the dvd film synopsis as comedy routine

© 2003-2004

   If you've rented a Bollywood DVD lately, the title of this short ramble requires no explanation. But for those of you who haven't, consider the synopsis on the back of the official Eros DVD package for ARMAAN (2003):

"Armaan is a family drama that allows one to explore the complexity of human relationships and exposes the vulnerability of individuals in those relationships and the choices made by them."
   An impressive display of verbosity, no? But what is it actually saying? Well, straight off, the innocent video store browser knows she's in for an unusual and stimulating movie: one featuring individuals involved in — gasp— human relationships! What a novel idea, you say. But wait, it gets better. Not only does the film feature characters in relationships with other human beings, it "exposes...the choices made by them." Armaan, it seems, is the stuff of high drama indeed.
  But who are these fascinating characters who live such unique and exciting lives? Well, one of our main characters is Dr. Sinha, who "dreams of running a state-of-the-art hospital in which patients will be given indiscriminate treatment, despite having to struggle with the harsh reality of each disease daily." Indiscriminate treatment? So, ginger ale for everyone, from the SARS patients to the hemophiliacs?

   Ac-tu-ally, Dr. Sinha is a humanitarian who wants to take on patients indiscriminately, regardless of each patient's financial status — but if, for a moment, you thought ARMAAN was the tale of the Indian Dr. Kevorkian, congratulations: you've just had a "Bitten by the Blurb" moment.

   Frankly, it's these moments which make us at BollyWHAT? so fond of Indian DVD companies. The quality of the transfer might be crap, the picture might pixelize at odd moments, and the orchestra might drown out the dialogue. But these priceless blurbs keep us coming back for more. If you think ARMAAN's blurb is bad, just check out the following:

From the official EROS DVD of Dil Se (1998):

Ancient Arabic literature classifies love into seven different shades...
HUB....their eyes meet, it is like a touch....a spark...Attraction. Okay, we get that one.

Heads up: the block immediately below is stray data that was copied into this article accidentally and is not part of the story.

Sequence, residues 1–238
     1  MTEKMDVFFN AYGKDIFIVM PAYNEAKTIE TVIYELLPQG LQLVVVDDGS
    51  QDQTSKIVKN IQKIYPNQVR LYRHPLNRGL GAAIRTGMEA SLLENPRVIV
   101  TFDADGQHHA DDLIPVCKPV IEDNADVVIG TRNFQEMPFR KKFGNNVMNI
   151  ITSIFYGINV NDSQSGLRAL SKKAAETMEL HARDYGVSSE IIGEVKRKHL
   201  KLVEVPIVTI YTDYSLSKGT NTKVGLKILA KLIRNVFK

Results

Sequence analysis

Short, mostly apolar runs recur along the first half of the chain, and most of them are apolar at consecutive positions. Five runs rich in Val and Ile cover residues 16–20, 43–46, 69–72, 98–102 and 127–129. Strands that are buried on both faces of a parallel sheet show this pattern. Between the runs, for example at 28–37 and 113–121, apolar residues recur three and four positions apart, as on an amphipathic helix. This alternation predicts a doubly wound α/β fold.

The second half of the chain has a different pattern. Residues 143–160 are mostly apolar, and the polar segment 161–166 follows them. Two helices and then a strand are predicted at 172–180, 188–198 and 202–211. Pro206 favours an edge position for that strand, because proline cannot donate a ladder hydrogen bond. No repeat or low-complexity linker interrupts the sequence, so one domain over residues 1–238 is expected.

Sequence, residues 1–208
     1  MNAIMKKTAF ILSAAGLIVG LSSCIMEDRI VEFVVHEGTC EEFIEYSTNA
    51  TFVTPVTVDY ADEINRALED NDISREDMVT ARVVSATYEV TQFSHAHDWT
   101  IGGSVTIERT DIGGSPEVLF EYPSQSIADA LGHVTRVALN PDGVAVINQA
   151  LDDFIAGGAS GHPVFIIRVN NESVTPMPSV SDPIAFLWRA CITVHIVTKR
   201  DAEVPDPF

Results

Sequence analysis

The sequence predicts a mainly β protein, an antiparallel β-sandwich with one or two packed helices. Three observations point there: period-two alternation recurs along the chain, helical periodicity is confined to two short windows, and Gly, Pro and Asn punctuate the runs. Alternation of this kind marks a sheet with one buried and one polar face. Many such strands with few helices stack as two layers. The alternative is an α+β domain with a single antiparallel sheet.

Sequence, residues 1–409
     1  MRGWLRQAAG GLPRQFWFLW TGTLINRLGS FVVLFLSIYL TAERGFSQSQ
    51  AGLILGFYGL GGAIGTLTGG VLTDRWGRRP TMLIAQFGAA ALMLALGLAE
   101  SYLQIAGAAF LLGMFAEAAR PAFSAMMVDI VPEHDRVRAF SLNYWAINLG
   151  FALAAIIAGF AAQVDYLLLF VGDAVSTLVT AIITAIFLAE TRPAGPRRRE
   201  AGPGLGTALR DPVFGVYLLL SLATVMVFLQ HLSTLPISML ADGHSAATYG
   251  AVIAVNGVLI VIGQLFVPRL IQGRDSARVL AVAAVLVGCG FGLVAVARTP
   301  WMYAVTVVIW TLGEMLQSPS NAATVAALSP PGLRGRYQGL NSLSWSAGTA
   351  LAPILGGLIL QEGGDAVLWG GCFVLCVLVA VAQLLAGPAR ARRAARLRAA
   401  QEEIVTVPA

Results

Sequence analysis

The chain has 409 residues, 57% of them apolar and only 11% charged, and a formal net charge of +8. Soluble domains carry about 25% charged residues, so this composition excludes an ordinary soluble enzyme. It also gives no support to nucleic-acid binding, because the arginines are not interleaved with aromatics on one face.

UNS....the touch of the eyes was as if, it was infatuation Getting hazier...
ISHQ....the flame of her body is felt, his breath starts Starts igniting?? Who is this guy, Puff the Magic Dragon? Somebody get a fire extinguisher!
AQIDAT...Reverence...she touches him like whisper, as if silence is mixed in her eyes....he prays, knelt down on the floor, a little consciously & a little unconsciously... Silence mixed with what? Punk rock? Also, "a little conscious" ? Is the boy drooling at the mouth? comatose? asleep? No? Then he's conscious. End of story.

This next blurb is so bad that one internet vendor posted a disclaimer on his site to state that the synopsis was copied verbatim from the manufacturer's DVD cover.
Keep in mind while reading it that "pagal" means "crazy."
From the official SKY DVD of Ek Aur Vishpot (2002):

Hero of this film is honest muncipal commissioner, who is very strict about his rules & regulations. The villian belongs with the evil deeds. Their illegal construction are destroyed by our hero with the help of law & order. The villians plan in such a way our hero taken into the court. Court declares that our hero is pagal and taken to mental asylum.

In the mental asylum, he observed three characters (Anjan Srivastava, Kiran Kumar, Anees Khan) and escaped from the asylum. By mistake Asrani (Mad Doctor) joined in the mission, our hero uses all the four mads like weapon and all the mad characters kill one after another. If pagal kill a person, no punishment.

Finally hero again taken to court. Hero argued in the court:

1.If I am murderer, I could not be Pagal
2.But the same court given the judgement that I am a pagal
3.If I am a pagal I am not a murderer.
Judgement still awaited.


  Generally the errors that make these blurbs so bizarre are due to someone having literally translated from Hindi to English. (Armaan, we attribute to an overzealous Henry James fan.) The true mystery is why, when there are countless Indians for whom English is a first language, the companies can't hire an English-fluent copy editor.

   Then again, most of these DVD companies operate out of the US, Canada, and UK, where almost everybody speaks English (including, we've no doubt, most of the company employees). Thus a few conspiracy theories have arisen to explain the DVD manufacturers' insistence on gramatically bizarre blurbs, the most popular of which holds the blurbs to be cryptograms created by a covert Indian intelligence agency to communicate with its undercover operatives abroad. So, next time you're in the video store and someone looks over your shoulder to read the blurb on the DVD you're holding, stay cool. You may just be doing your bit to help save the free world.




This filmi ramble was
written by Meredith.

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